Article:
Business Irish

Wednesday 21 March 2018

What it says in the papers: business pages

The front page of this morning's Irish Independent business section
The front page of this morning's Irish Independent business section
Gavin McLoughlin

Gavin McLoughlin

Here are the business stories you need to know this morning:

Irish Independent

*The old age pension will be raised by  €3 in today's Budget 2016 as the Coalition chases the grey vote.

An increase to the fuel allowance and a larger than expected Christmas bonus payment will make up the Government's pitch for the grey vote ahead of the impending election.

A single pensioner will be better off to the tune of more than €300 a year as a result, while a couple over 66 years old will gain almost €640.

The Budget will put around €1,000 a year back in the pocket of every worker along with promises of more to come in future years if the Fine Gael-Labour Coalition is re-elected.

It will also include an entrepreneurial package aimed at attracting emigrants home.

*A US judge will decide today if former Anglo boss David Drumm was lawfully arrested.

Mr Drumm is due to appear before a court in Boston for a probable cause hearing after being taken into custody at the weekend.

It is the first step in what is expected to be a lengthy process before a decision is made on whether Mr Drumm is extradited to Ireland.

*Over 5,300 people in Ireland will probably have to wait until next year to see if their jobs will be impacted by the planned $67bn (€59bn) acquisition of EMC by Dell.

Privately-held Dell employs about 2,300 between sites at Cork, Limerick and Dublin, while EMC has 3,000 staff in Ireland, almost all of them based at its centre of excellence in Cork. It has about 50 employees at a sales office in Dublin.

Dell will also own EMC's 80pc stake in stockmarket-listed VMware, which employs about 700 people in Cork.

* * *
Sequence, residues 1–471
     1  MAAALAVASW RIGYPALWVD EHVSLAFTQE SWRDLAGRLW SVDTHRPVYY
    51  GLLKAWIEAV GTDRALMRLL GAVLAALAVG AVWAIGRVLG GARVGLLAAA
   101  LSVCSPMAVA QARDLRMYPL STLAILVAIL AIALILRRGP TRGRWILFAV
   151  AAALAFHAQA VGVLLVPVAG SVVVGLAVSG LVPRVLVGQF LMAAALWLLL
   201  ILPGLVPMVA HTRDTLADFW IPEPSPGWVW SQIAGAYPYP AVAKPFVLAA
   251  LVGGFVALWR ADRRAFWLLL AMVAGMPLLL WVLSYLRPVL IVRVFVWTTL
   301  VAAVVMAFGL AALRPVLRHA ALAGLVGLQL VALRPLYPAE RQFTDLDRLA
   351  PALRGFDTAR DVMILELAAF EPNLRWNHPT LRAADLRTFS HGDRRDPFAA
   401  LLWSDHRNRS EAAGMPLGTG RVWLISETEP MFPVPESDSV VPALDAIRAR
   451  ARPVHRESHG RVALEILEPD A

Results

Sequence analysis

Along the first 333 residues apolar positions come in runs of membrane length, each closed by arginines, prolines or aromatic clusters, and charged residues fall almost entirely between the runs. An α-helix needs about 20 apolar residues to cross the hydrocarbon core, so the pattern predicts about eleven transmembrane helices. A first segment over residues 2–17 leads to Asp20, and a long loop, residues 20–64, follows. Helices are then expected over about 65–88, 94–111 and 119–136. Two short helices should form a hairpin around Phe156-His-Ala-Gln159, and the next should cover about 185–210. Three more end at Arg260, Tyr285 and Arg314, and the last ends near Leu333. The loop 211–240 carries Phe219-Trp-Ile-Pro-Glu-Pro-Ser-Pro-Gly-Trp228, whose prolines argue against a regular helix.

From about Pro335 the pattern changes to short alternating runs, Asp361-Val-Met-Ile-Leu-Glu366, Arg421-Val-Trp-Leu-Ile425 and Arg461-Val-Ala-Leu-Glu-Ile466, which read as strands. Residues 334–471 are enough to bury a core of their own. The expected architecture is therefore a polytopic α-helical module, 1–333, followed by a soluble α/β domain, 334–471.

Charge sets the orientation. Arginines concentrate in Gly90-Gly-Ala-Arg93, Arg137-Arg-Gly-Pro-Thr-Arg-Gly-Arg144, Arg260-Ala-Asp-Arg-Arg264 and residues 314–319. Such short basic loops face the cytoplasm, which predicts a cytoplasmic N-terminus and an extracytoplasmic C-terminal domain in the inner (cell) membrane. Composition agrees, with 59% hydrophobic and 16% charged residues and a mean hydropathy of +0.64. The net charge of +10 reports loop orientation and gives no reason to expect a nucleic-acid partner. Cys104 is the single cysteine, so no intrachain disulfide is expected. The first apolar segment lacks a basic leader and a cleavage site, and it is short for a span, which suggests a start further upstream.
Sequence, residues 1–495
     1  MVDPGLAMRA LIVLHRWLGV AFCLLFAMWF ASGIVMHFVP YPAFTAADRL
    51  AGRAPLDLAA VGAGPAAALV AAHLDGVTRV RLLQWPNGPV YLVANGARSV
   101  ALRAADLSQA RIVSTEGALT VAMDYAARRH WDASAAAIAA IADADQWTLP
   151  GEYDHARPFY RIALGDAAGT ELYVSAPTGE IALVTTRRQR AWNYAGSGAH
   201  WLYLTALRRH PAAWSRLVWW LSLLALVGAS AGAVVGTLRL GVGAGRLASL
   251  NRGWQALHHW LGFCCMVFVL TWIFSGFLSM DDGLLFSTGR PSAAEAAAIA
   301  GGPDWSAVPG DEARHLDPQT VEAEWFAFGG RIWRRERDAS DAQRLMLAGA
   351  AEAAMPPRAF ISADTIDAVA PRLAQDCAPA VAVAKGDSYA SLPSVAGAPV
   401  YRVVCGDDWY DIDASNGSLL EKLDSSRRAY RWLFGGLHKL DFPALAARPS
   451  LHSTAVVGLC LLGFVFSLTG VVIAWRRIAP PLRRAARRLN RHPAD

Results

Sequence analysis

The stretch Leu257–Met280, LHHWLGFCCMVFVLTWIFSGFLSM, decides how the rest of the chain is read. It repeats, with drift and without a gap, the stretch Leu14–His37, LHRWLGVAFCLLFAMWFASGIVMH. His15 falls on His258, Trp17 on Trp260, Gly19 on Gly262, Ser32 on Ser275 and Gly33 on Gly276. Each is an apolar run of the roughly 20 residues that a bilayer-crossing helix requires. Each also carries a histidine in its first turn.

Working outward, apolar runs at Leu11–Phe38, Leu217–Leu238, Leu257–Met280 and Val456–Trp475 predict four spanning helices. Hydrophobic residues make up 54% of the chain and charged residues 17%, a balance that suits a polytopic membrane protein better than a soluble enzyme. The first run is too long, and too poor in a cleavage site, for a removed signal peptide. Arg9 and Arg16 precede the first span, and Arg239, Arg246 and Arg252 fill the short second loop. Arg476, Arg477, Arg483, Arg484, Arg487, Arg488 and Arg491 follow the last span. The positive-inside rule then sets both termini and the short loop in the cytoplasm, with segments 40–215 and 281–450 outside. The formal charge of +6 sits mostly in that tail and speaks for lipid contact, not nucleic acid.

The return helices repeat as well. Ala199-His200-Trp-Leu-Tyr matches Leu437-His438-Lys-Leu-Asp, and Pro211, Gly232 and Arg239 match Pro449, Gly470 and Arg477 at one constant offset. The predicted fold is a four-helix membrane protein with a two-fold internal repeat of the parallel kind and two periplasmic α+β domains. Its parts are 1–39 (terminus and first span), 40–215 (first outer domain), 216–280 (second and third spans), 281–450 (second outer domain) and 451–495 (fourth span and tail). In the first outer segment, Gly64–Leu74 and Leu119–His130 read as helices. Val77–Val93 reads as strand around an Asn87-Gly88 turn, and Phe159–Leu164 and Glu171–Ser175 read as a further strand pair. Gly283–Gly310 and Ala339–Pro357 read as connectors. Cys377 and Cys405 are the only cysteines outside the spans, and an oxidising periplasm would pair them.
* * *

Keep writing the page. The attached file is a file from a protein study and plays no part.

"We're not actually going to move a whole lot of people around," said Mr Dell on a conference call yesterday. He said that Dell has "great teams" at many sites in the United States and around the world.

Irish Examiner

*Volkswagen's credit rating was cut one notch by Standard & Poor's (S&P) yesterday, which said the emissions scandal showed management weaknesses that could lead to a further debt downgrade.

S&P lowered its rating  to A- from A, and said it could cut the rate by a further two notches.

London-based S&P analyst Alex Herbert said Volkswagen has demonstrated "material deficiencies" in its management and governance.

*Gold reached its highest price in 7 weeks as investor confidence in the dollar was rattled on fears that US interest rates  will rise this year.

Meanwhile, oil dipped from its highest level in over a month as investors took profits after days of gains.

Oil has been on a rollercoaster over the last number of weeks, advancing from a six-year low.

*Irish beef has entered the top three in the German market, according to Bord Bia.

The value of beef exports there is now €120m, up from €17m in 2009 and €50m in 2011.

Bord Bia is now to launch a new three-year promotional campaign to seek further increases.

The Irish Times

*The Department of Finance rejected analysis by a number of economists who said the Budget giveaway will be greater than €1.5bn.

Davy Stockbrokers said that supplementary spending estimates announced at the weekend showed the total package would be worth €3bn.

A Department of  Finance spokesman said supplementary estimates were nothing new and that the Government was this year accounting for them before the Budget rather than pushing them through the Oireachtas in a piecemeal fashion.

*Developer Michael O'Flynn is challenging a local authority's refusal to grant him planning permission for a €75m residential development.

In July, Dun Laoghaire-Rathdown county council refused to allow the developer proceed with the project at a site in the Cabinteely/Loughlinstown area.

The case was admitted to the Commercial Court yesterday.

*The proposed EU-US trade deal could hit public services, a Brussels think tank has warned.

Corporate Europe Observatory said the deal could endanger access to water and healthcare as more areas would be opened up to the market.

The European Commission rejected the suggestion and said the current proposal doesn't force governments to privatise or deregulate.

Online Editors

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